Affair of the Heart
For decades now, there has been little doubt that Michael Billington was primus inter pares when it came to theatre criticism.
Many readers of The Guardian might have felt that the world was changing very much for the worse when the doyen retired at the beginning of 2020. Little did they know, that within a few weeks not only would his reviews have disappeared but also those of everybody else, as theatres went dark.
Those who are still hankering after intelligent, literate reviews that almost always seem to hit the nail on the head will be delighted to learn that Billington has now collected favourite reviews and essays from the period between 1992 and 2020 for their delectation.
Any book that has praise from Vanessa Redgrave on the front cover and Sir Nicholas Hytner on the back is inevitably going to be something special. In many ways, a review of these reviews might almost be redundant, since anyone who loves theatre and has an interest in activities on the British stage over the last three decades will have a good idea of what to expect.
Michael Billington almost always shows good judgement, summarises plots expertly and vividly, while never neglecting to present a picture of what is happening on stage. Pleasingly, there is frequently a vein of wit running through the book, with occasional dry comments that would not be out of place in an Oscar Wilde play. How could anyone resist “Liz Smith as a wizened stage manager sits in the corner gathering laughs and dispensing wisdom like a strange mixture of Irene Handl and Madame Defarge.”?
Inevitably, with 4,000-5,000 reviews to choose from, almost all of those in the book are positive, although, somewhat mischievously, he does include the occasional dud. Most come from the West End but there is a good election from the Fringe and the provinces too.
Having mentioned Wilde, one of the highlights is a dual review that compares productions of The Importance of Being Earnest with Private Lives. Despite the fact that Billington does not believe that spoilers spoil reviews, this critic will allow readers to have the pleasure of discovering for themselves which iconic comedy of manners wins the battle.
For the most part, every significant new play and large-scale production seems to have found its way into the book, though each of us will probably find the old inexplicable lacuna from our personal favourites.
The publicity will inevitably centre on the original negative review of Sara Kane’s Blasted. Not only can we read a review that its writer now bravely accepts may have been misjudged but also letters to his editor from some theatrical heavyweights including Caryl Churchill and David Greig pointing out this fact.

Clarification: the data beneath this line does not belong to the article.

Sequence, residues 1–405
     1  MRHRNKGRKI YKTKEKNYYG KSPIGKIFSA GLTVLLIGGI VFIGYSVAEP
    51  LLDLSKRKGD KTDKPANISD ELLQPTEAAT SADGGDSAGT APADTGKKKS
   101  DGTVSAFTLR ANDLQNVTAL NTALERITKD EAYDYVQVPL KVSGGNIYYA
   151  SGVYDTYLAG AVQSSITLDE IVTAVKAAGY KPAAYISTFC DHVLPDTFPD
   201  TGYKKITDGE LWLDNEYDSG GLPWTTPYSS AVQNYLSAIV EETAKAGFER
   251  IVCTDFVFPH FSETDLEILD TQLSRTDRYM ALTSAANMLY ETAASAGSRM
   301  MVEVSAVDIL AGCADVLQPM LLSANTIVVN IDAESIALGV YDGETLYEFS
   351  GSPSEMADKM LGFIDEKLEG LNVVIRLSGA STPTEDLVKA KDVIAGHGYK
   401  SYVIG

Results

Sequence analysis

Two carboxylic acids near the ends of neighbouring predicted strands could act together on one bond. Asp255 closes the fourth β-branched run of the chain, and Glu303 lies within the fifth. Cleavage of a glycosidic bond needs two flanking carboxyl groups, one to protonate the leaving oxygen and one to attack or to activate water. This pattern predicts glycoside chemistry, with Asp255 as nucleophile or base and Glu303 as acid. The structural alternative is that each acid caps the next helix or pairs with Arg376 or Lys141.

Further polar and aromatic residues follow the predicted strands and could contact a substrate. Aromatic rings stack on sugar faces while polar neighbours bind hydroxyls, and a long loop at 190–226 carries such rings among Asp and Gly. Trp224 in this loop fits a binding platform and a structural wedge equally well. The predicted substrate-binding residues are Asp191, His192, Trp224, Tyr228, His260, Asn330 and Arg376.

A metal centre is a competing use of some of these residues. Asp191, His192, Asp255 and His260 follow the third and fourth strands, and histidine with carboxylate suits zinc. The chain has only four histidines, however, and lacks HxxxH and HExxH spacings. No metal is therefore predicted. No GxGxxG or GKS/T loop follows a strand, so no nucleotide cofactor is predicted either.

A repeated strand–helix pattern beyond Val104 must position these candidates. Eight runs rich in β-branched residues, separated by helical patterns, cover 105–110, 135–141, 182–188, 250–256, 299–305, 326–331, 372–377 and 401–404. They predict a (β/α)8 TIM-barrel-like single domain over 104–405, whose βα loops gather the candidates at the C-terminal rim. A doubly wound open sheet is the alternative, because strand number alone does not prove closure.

In addition to the reviews, which run from Angels in America and Faith Healer in 1992 right up to the Fleabag, A Very Expensive Poison and the new, Biafran version of Three Sisters at the National by Inua Ellams at the end of 2019, there are selected essays on the state of theatre. These are wide-ranging and, in addition to musings on the ups and downs of theatrical life, often commemorate the losses of the great such as Sir John Gielgud and Sir Peter Hall or major events including the 400th anniversary of the death of William Shakespeare.
Ironically, several opinion pieces show concern about whether live theatre has a future, more particularly large-scale productions with big casts. The irony comes when you realise that these collected reviews seem to be the perfect refutation to such a proposition.
While most of the essays are closely related to theatrical themes, a couple have political connotations. The first of these lambasts a Tory party leader’s speech to the Conservative Party Conference which inspired the comment “what depressed me was the assumption that all politics is now a branch of showbiz. [Party Leader] gave us a performance rather than policies, one-liners rather than joined-up ideas”.
No prizes for guessing the identity of this self-satisfied party leader, but surprisingly it wasn’t the current holder of the post.
The second, poignant, political piece is an open letter written to Culture Minister Oliver Dowden in the middle of 2020, expressing the fear that if he did not take immediate steps, many theatres might close forever.
At a time when most readers probably expect Christmas to be cancelled, they will at least be able to console themselves about the lack of turkey and heat by purchasing and gifting what will undoubtedly be the best theatrical read of the year.
Reviewer: Philip Fisher